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December 23, 2010 Issue

Traffic stop turns into woodland search
Judge rejects permit for coal plant
Two days break record lows
Potential SPLOST for transportation discussed

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Traffic stop turns into woodland search

By Carol McLeod
Staff Writer

An incident that could have ended in tragedy ended instead with two men in custody. One man has been charged with burglary. The other with burglary, possession of firearm or knife while trying to commit crimes and criminal use of article with altered ID.

Sgt. Barrow Walden, an investigator with the Jefferson County Sheriff’s Office, saw a car parked behind a house in Matthews early Friday, Dec. 17.


The car was parked in a manner as though it was being hidden, which made Walden suspicious.

He parked out of sight and followed the car when it left.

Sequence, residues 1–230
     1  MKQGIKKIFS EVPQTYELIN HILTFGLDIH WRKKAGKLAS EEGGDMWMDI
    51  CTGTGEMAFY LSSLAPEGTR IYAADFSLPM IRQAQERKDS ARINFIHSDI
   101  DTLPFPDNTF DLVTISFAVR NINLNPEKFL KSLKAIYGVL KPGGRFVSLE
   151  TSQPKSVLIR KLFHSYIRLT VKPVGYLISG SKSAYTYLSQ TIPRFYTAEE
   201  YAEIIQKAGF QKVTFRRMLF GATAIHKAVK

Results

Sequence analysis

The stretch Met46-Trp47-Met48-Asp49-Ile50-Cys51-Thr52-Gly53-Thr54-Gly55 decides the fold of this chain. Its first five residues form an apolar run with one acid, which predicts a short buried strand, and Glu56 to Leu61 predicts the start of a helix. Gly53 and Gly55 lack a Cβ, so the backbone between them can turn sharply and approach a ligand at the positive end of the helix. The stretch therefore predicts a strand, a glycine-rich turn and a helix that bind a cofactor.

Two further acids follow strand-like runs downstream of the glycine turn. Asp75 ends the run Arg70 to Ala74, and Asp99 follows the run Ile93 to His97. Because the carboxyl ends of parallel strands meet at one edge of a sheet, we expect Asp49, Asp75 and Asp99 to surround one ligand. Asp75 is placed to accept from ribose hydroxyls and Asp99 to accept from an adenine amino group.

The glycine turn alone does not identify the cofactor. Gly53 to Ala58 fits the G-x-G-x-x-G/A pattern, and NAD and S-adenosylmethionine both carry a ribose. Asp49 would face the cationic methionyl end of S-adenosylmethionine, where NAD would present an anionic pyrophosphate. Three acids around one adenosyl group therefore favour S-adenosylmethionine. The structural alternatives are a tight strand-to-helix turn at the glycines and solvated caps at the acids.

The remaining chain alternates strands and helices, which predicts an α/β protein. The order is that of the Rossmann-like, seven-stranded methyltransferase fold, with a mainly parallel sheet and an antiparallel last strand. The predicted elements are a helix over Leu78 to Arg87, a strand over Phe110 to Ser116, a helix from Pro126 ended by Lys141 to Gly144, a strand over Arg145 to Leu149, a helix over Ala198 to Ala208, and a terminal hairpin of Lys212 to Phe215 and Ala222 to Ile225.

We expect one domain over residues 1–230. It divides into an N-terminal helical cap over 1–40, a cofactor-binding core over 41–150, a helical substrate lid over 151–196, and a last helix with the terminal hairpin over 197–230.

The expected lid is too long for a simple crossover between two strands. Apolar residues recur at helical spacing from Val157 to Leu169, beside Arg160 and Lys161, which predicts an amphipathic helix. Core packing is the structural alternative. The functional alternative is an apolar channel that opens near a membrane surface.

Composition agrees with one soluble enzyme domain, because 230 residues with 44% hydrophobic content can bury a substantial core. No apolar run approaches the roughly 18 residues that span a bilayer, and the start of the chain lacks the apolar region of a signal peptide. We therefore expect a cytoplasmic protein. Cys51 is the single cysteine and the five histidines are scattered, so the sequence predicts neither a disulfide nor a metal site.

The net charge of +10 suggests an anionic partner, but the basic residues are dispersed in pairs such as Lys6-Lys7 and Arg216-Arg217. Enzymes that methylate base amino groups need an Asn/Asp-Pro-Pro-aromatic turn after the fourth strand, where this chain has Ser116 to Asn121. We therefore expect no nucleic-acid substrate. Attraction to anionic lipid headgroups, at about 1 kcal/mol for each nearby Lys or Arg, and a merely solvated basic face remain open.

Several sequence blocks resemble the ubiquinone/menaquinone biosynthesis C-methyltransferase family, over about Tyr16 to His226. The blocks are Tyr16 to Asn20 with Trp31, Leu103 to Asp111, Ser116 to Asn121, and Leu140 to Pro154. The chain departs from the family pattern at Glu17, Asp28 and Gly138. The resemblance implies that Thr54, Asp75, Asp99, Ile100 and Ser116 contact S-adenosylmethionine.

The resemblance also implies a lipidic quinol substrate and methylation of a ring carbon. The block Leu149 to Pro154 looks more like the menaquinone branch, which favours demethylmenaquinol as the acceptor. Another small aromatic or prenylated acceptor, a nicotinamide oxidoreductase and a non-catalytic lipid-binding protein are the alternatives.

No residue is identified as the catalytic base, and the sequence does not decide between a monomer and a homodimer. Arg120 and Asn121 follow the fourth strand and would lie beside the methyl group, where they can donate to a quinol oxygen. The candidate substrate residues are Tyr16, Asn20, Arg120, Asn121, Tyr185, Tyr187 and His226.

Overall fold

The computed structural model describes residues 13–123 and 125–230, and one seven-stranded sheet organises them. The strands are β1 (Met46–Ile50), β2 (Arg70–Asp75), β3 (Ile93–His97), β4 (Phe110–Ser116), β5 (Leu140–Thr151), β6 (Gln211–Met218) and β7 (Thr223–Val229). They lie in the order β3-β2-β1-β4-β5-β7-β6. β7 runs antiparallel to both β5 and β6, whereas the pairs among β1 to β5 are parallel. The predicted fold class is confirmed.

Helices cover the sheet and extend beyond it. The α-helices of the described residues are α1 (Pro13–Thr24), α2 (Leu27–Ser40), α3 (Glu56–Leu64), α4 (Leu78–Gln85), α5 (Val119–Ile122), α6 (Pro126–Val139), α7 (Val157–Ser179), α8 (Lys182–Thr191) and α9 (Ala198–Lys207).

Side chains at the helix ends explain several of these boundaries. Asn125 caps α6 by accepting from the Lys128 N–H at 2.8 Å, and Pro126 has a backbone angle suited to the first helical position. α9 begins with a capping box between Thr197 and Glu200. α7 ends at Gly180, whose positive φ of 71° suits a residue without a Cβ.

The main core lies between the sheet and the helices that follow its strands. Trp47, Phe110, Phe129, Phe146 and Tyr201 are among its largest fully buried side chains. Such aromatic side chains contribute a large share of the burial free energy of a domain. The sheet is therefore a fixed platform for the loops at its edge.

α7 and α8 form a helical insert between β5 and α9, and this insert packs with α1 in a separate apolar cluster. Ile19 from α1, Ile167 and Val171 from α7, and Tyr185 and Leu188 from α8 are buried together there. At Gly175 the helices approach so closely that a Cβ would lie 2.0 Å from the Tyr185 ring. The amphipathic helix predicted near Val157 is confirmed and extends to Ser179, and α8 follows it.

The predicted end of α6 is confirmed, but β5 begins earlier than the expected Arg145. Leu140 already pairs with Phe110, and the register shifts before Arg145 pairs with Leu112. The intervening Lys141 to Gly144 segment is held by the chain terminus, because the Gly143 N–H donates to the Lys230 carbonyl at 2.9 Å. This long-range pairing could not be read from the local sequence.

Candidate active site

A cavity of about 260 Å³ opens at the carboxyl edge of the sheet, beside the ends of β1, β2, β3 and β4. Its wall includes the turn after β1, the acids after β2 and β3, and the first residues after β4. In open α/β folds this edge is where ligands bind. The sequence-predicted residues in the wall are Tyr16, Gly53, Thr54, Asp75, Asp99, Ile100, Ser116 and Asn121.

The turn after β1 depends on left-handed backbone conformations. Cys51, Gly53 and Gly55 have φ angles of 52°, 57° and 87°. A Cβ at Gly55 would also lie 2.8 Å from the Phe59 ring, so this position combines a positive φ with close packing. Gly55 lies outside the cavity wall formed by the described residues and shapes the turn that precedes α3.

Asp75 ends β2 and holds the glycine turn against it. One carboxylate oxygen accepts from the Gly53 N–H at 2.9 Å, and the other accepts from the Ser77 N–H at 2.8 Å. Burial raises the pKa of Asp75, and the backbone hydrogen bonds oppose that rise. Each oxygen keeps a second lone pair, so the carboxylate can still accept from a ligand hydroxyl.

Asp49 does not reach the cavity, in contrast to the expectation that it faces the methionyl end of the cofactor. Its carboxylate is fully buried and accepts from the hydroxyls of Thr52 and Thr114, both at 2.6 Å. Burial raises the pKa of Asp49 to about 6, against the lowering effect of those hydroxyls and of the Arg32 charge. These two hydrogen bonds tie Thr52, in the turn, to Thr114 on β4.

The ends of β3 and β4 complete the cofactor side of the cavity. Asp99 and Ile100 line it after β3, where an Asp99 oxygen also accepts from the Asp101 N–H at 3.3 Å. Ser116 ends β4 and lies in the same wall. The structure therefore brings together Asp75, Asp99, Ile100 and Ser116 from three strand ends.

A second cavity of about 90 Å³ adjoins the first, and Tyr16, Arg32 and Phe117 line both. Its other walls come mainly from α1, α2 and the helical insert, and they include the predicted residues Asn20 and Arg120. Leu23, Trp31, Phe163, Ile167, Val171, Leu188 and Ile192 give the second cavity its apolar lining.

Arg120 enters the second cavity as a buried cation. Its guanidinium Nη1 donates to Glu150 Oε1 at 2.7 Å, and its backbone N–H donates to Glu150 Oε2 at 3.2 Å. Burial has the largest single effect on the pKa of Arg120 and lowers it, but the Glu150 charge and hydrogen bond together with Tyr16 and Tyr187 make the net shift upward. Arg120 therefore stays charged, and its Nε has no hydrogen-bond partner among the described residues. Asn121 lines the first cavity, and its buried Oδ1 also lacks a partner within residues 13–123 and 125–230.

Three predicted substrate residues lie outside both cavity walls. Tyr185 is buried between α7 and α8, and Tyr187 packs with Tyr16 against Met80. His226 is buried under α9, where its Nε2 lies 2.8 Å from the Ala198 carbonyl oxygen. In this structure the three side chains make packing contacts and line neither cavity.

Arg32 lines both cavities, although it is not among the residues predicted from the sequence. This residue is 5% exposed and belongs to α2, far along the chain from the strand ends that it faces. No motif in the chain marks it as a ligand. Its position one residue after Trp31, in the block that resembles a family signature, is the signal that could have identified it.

He pulled the car over and the passenger, Rodrigus Antuan Freeman, 26, from Wrens, fled.

Walden drew his weapon on the driver, Antonio Lamar Haynes, 22, from Wrens.

Walden noticed Haynes had a handgun.

“He didn’t pull it on me; but, he had it in his hand,” Walden said.

The incident could have ended badly if Walden had not acted with caution, said Jefferson County Sheriff’s Maj. Charles Gibbons.

Walden called for assistance and Gibbons said K-9 units from Waynesboro Police Department as well as game wardens from the Department of Natural Resources and officers from Wrens Police Department assisted.

Walden said a K-9 unit from Richmond County also helped in the search for Freeman.

Gibbons said the event started at 8:42 a.m. and ended at 1 p.m.

“By 1 p.m., both subjects had been apprehended and had been taken to the Jefferson County jail,” he said.

Both men were given bond, Gibbons said, adding that currently both men are still being housed at the Jefferson County jail.

Lt. Robert Chalker, an investigator with JCSO, said Tuesday that items of jewelry were found in the woods where the dog tracked Freeman.

Officers who searched the car found some electronic items in the trunk. There was a flat screen TV in the backseat, he said.

Chalker said officers returned to the house where it was obvious a burglary had occurred.